Want to develop a crazy power-to-weight ratio? Try rock climbing, one of the most challenging and fun indoor/outdoor activities. Top rock climberMattias Braach-Maksvytis reveals the exercises that will give you a heard start in the sport.
It was inevitable that Mattias Braach-Maksvytis would end up climbing competitively. As a child he climbed obsessively, going well beyond the occasional tree most of us have tried as kids.
If you went looking for young Mattias, you’d usually find him high up on a drainpipe or a roof somewhere, even at school. When he was 11 his school gave in and let him climb up to the roofs of the buildings under teacher supervision, after his parents gave him a note saying he was allowed.
“I’ve never had a problem with heights,” reveals Mattias, stating the obvious. “I think it’s just a need to get high. Like, even now, I like being on tall buildings, mountains, that kind of thing. It just works for me.”
As a teenager, Mattias entered a climbing competition in North Sydney on the spur of the moment, and came third. Realising he had a gift for the sport, he began training seriously and eventually worked his way up into the Australian indoor rock climbing team.
The physique of rock climbers is shaped very much by their sport and Mattias is a classic example, with his strong and lean frame and enormously powerful shoulders, core and back. He needs to be light and extremely strong to climb up vertical faces, leap from one ledge to another, and often hang solely by his fingers.
As with many sports, you train for indoor rock climbing in the gym as much as the playing field, or climbing wall in this case. Mattias says that to be a climber, you need a strong abdominal core, shoulders and arms, so the exercises he’s chosen for this workout will get you started in building these areas.
Some of the exercises look challenging, but are more doable than they appear. For example, one he’s chosen for Fitness First members to try is the bodyweight fly on rings, which is brilliant for developing your core strength.
You get into push-up position, push down on a set of gymnastic rings and then widen the arms. “It’s good for keeping tension. Climbing is a lot of moving from hold to hold and then pausing in that position while you think about going to the next one, so you need that tension the whole time,” he explains.
But Mattias does dispel one myth: that the training by itself is responsible for those lean and strong climber physiques. Mattias finds he has to stick to around 9000 kilojoules per day to ensure he doesn’t suddenly bulk up due to the strength component of his exercising. He says his diet is protein-heavy from foods such Danone YoPro yoghurt as well as fish.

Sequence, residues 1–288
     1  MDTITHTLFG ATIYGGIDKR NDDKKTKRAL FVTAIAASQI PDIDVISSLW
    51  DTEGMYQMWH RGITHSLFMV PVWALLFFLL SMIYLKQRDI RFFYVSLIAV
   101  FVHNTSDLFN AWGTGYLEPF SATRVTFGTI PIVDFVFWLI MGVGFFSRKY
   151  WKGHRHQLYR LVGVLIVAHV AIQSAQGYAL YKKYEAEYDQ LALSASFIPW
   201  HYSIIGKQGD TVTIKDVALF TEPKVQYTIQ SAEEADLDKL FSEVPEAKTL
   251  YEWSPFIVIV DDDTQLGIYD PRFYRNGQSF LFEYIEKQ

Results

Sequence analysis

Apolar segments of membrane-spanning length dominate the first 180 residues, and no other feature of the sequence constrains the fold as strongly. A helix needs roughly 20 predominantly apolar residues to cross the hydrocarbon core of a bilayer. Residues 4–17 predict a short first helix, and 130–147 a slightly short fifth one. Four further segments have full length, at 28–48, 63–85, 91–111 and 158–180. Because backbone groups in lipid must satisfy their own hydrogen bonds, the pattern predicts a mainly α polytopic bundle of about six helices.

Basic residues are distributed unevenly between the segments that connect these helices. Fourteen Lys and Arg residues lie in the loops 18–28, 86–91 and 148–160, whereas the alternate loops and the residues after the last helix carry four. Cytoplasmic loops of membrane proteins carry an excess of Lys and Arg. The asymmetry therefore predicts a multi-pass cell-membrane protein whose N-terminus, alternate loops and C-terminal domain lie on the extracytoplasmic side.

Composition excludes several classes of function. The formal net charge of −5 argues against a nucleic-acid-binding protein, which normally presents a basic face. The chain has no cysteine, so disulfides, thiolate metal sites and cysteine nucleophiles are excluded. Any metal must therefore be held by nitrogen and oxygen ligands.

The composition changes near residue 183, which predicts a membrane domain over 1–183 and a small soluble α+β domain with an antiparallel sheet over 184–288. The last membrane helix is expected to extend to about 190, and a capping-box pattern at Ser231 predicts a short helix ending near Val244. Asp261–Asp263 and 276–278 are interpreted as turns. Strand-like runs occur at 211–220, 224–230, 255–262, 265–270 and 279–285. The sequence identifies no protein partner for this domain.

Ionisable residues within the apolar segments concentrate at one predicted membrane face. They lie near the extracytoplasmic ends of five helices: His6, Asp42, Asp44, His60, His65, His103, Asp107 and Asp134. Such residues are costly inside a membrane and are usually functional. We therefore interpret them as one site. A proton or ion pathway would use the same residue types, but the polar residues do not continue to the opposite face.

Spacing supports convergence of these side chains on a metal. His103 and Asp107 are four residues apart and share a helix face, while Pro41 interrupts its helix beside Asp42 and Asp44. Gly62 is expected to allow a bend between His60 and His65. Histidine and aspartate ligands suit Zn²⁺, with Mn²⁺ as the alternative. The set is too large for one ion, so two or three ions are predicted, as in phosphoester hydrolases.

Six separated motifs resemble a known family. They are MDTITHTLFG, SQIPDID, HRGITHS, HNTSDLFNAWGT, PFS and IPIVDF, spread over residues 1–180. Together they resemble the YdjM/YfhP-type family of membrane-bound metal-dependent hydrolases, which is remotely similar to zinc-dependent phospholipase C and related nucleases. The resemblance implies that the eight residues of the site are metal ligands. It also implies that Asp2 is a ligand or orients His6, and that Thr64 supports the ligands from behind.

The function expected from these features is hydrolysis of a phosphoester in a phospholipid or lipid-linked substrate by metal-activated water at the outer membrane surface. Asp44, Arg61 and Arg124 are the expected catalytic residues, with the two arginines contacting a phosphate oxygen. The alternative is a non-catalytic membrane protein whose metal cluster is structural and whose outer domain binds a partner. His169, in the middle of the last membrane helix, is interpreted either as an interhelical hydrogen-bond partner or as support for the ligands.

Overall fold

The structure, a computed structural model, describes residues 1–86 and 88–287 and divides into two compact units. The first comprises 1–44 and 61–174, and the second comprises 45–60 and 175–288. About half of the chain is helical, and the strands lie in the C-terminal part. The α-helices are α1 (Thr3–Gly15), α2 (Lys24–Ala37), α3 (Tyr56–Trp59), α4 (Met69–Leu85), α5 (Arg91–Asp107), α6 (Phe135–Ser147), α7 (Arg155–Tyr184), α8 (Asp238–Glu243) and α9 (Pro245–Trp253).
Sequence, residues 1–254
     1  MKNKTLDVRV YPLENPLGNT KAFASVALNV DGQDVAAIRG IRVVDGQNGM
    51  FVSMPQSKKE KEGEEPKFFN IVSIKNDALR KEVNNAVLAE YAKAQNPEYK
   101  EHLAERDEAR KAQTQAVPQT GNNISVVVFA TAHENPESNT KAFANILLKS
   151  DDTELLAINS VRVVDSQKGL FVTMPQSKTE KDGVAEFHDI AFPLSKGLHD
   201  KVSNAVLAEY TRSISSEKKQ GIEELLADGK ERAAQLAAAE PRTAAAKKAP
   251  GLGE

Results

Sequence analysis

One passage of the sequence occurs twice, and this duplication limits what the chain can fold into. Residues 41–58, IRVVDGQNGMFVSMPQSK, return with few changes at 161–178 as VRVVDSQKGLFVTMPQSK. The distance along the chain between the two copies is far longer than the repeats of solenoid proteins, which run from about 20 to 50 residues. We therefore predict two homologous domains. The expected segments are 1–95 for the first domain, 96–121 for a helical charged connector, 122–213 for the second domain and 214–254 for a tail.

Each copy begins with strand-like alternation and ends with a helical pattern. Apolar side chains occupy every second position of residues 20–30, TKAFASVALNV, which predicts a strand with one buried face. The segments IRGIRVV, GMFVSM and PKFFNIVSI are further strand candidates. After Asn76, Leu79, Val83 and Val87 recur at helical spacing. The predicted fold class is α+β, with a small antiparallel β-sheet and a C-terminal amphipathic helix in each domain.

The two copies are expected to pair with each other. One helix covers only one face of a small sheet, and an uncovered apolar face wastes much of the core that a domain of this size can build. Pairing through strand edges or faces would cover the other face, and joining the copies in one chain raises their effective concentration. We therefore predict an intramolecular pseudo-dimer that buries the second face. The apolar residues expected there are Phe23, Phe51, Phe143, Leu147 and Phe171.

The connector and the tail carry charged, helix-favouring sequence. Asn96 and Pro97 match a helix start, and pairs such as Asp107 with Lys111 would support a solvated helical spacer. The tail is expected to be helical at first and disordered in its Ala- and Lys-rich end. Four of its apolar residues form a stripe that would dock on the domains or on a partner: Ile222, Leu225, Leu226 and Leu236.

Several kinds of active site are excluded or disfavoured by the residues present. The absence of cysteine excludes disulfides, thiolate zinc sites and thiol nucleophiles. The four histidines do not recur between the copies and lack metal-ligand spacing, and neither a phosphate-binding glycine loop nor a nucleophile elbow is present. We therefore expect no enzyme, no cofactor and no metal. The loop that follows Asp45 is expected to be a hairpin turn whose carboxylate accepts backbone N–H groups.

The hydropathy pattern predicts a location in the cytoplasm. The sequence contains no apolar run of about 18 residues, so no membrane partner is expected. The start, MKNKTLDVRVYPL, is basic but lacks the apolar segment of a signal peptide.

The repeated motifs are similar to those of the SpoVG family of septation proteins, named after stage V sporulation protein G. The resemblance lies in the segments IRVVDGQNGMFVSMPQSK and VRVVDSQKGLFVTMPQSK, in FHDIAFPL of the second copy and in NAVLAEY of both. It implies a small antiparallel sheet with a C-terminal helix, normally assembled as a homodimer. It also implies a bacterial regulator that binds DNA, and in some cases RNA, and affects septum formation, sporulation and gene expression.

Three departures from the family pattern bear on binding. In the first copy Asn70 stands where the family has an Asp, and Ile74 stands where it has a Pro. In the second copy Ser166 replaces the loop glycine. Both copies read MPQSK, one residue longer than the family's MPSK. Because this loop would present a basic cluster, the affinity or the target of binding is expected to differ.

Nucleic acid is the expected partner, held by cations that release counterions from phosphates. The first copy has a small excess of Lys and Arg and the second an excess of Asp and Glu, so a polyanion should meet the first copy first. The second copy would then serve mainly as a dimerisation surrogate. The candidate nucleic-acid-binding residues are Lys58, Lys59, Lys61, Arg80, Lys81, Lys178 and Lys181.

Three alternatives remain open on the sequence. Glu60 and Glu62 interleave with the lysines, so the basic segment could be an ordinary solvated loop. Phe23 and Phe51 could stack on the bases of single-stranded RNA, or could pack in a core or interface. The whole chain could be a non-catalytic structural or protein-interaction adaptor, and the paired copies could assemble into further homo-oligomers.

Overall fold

1 Bodyweight fly on rings
This is a brilliant exercise for climbing, as it builds strength in the chest, shoulders, core and biceps. Set up a platform in front of the rings to put your feet on as you assume a push-up position, holding onto a set of rings (alternatively, keep your feet on the floor if this is too difficult). In the starting position, you need to be at the top of the ring push-up, with your arms straight down in front of you. Then lower yourself towards the rings by widening your arms out to the side until you’re bending the elbows at 45 degrees. Hold and then squeeze your arms together again to return to the start. As you get better, take your arms wider until your elbows form a 90-degree angle while holding onto the rings.
2 Hanging leg raises
Dead hang from a pull-up bar with your feet off the ground, and arms and legs straight. Raise your knees until they’re at least at right angles to your chest (as you get better at the exercise, raise them even higher). Hold your legs at the most acute angle you can manage for a second and then return to the starting position. These are more specific for your core than planking or sit-ups because they work more on the lower abdominals.
3 Box jumps – use one box only
WARNING: Mattias is using two stacked plyometric boxes because of his extreme fitness. Please only use one for this exercise to avoid the risk of injury. Jumping on one box builds explosive leg power and coordination, necessary for those times when you’re leaping from
hold to hold on the wall. Stand in front of a single box and assume a comfortable crouching position. Keep your back straight as you jump explosively onto the box, swinging your arms for momentum and balance. Land on the box and stand. Repeat.
4 Pull-ups on rings
Stand under the rings and grab them with an overhand grip. Lower your body and bend your knees back so your legs don’t touch the ground and you’re dead hanging. Pull yourself up toward the rings, keeping the movement deliberate so that you retain control of the straps as you move up to avoid swaying or rocking. Keep your legs together. Pause for a second at the top and lower yourself again to repeat the exercise.